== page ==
One in three ticks can transmit Lyme disease in some areas of Ottawa


OTTAWA – Researchers have found that tick populations are more prevalent than they had thought in the Ottawa area and in some places, one in three carries the bacteria that causes Lyme disease.

This is the result of an ongoing study by Manisha Kulkarni and Roman Kryuchkov, researchers at the University of Ottawa’s Faculty of Medicine, who are conducting research on ticks and Lyme disease in the federal capital.

The team is monitoring 23 sites across the city, including nine municipal parks, seven conservation areas and forests, six recreational trails and a provincial park, the university’s media relations office said on Friday. the main data collected by the team of researchers in 2017.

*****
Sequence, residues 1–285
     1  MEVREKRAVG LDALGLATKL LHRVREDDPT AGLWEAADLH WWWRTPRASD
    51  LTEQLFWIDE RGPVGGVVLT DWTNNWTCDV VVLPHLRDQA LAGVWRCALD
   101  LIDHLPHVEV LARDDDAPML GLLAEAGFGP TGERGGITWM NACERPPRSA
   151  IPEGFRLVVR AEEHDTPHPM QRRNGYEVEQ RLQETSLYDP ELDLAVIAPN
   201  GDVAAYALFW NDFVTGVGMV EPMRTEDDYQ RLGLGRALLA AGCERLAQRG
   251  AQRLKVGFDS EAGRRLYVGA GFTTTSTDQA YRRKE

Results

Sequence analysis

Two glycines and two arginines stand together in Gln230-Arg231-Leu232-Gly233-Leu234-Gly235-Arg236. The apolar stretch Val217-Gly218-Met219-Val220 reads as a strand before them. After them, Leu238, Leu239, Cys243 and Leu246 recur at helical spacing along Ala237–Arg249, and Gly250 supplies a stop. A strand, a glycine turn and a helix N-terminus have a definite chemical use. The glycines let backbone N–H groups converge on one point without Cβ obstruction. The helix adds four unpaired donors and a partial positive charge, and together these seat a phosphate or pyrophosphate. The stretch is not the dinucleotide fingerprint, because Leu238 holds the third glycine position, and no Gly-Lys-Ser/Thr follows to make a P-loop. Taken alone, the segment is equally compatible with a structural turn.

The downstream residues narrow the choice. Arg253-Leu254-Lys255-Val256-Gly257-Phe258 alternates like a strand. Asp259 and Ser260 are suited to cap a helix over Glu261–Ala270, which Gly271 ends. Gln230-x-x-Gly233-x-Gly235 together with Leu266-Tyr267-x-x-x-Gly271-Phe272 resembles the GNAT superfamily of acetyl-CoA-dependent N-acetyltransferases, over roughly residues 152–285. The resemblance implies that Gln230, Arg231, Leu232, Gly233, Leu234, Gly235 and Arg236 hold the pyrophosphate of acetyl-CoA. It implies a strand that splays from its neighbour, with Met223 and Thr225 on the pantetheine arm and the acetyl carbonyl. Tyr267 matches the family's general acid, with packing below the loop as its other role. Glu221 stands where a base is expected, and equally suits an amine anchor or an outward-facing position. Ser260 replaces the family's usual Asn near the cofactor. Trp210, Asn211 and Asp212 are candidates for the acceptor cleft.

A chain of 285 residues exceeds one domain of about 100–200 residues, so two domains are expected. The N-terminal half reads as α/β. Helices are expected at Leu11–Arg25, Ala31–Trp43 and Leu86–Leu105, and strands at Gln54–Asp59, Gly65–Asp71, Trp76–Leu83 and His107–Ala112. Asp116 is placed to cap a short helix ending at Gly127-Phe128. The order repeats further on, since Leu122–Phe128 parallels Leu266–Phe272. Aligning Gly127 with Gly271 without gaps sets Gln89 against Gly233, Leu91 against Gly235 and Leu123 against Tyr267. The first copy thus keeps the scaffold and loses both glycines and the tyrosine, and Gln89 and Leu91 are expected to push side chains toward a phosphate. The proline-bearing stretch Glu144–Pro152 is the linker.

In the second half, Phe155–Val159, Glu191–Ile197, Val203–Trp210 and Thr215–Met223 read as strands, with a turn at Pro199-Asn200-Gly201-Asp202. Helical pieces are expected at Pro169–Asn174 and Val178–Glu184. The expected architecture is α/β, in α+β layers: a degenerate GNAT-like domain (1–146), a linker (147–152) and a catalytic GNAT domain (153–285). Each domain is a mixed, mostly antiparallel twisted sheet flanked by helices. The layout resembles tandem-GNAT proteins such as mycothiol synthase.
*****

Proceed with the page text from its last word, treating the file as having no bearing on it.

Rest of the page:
Thus, during expert visits, blacklegged ticks – those that transmit Lyme disease – were identified in 16 of the 23 sites, a rate of 70%. Of the 194 adult blacklegged ticks and 26 blacklegged blacklegged ticks tested, nearly 30% were infected with B. burgdorferi, which can cause Lyme disease.

Researchers also found that “the density of tick populations on recreational trails, conservation areas / forests and the provincial park within the City of Ottawa was significantly higher than that in municipal parks” . No ticks were found in urban parks, it was said.

“Our study shows that tick populations are more prevalent than previously thought in the Ottawa region,” said Dr. Kulkarni, commenting on these results. In addition, ticks are starting to appear in some areas of the city faster than we expected. “

The researcher says she is “hopeful that active surveillance of ticks at the local level can help guide risk assessment and public health measures,” the university said.

From 2013 to 2017, the number of human Lyme disease cases reported to public health authorities increased from 49 to 186 in the Ottawa region, according to Ottawa Public Health.

Facebook Comments